|Navajos and Hopis protesting Senators John McCain|
and Jon Kyl in Tuba City during water rights session.
Outta Your Backpack Media photo
By Brenda Norrell
Censored News copyright
US Interior Secretary Ken Salazar wants to push the Navajo-Hopi Little Colorado River Water Rights Settlement, already rejected by Navajos, through an upcoming Lame Duck Congress, according to a document leaked to Censored News.
The memo from the Navajo Nation Washington Office states there will be a meeting on Nov. 14 in Washington, between Salazar and Navajo and Hopi officials to discuss the water rights settlement, along with the Navajo Generating Station, one of the dirtiest coal fired power plants in the US which Navajo and US politicians want to remain in operation.
Already numerous Arizona Indian Nations have accepted “water rights settlements,” which opponents say are the theft of Indian water for the US, pushed through by non-Indian attorneys. Those opposing the Little Colorado River settlement say it requires the Navajo Nation to give up expansive water rights under the Winter’s Doctrine and future generations of Navajos would suffer.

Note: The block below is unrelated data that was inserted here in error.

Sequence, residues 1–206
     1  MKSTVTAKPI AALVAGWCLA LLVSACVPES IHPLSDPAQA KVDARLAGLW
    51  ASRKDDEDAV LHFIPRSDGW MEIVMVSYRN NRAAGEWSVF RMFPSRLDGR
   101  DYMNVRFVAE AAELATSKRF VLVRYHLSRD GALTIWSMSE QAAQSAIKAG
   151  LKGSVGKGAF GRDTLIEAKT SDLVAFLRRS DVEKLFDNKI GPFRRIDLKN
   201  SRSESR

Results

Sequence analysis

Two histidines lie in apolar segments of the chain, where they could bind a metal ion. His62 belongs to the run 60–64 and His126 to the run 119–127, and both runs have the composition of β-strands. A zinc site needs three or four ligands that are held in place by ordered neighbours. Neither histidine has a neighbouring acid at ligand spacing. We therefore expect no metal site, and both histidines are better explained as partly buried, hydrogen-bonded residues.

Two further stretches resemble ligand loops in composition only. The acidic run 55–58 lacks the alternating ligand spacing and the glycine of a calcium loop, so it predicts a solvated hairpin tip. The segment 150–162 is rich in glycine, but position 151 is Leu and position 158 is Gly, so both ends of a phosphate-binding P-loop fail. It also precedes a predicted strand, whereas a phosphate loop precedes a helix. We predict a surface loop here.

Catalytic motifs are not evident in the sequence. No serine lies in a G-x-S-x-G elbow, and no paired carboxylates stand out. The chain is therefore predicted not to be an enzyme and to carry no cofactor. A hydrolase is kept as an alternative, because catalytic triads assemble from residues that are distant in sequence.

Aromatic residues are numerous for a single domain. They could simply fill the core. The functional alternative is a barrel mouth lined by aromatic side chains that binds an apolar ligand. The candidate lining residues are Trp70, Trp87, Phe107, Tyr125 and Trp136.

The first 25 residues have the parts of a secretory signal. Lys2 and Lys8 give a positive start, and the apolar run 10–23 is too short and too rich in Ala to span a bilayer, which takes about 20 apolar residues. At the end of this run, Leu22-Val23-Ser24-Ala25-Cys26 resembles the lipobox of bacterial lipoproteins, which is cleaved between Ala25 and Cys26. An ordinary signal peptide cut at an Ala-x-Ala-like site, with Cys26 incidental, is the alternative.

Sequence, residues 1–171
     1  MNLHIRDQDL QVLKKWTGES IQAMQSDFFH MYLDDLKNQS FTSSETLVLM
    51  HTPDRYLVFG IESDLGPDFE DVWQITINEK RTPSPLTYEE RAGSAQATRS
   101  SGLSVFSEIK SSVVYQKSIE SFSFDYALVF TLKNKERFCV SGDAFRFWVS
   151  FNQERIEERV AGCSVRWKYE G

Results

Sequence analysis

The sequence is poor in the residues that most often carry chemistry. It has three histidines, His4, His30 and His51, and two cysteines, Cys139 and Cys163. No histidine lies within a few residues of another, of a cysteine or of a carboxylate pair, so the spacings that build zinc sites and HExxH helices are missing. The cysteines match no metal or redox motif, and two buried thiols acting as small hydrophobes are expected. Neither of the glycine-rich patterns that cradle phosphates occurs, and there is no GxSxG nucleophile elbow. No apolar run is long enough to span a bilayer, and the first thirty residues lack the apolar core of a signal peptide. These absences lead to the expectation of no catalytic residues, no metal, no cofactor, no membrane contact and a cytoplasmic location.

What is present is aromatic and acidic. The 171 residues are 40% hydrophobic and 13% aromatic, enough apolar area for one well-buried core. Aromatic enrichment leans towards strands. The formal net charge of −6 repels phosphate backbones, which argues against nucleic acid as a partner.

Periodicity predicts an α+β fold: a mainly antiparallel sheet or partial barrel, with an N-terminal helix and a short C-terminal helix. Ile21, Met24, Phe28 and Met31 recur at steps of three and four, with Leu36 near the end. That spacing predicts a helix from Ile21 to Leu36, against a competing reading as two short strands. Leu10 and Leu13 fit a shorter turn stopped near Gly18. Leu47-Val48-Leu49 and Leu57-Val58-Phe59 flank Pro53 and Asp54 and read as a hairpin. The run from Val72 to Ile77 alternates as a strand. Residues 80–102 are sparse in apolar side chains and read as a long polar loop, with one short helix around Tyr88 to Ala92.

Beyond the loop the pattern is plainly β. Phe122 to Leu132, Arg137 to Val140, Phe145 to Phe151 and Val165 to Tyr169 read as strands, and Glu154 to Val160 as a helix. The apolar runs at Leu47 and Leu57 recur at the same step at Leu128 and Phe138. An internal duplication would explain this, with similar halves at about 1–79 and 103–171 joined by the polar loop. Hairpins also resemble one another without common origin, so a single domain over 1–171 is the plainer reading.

The current scheme involves Salazar meeting with Navajo and Hopi officials, then persuading Arizona Sen. Jon Kyl to modify the legislation that has already been rejected and push it through an upcoming Lame Duck session of Congress following the elections.
The letter from the Navajo Washington Office is addressed to Navajo President Ben Shelly and Navajo Council Speaker Johnny Naize.
In the typical heavy handed style of US bargaining and political blackmail, Salazar says in his letter to the Navajo Speaker that they will also discuss housing in the Bennett Freeze area, where Navajos live in desperate conditions.
A primary reason that the US wants the water from the Little Colorado River is to keep the Navajo Generating Station operating, a leading source of global warming. The coal fired power plant on Navajoland near Page, Ariz., was founded on the abuse of Navajos. An attorney for Peabody Coal orchestrated the so-called Navajo Hopi land dispute in order to remove more than 14,000 Navajos from Black Mesa through relocation, so that Peabody could get to the coal.
Today, Peabody coal from Black Mesa fuels the Navajo Generating Station which provides power to Southwest cities, while many Navajos live without electricity. Phoenix and Tucson are now dependant on this electricity and desperate for Indian water. Coal mining depletes the aquifer on Navajoland, while most Navajos on Black Mesa live without running water.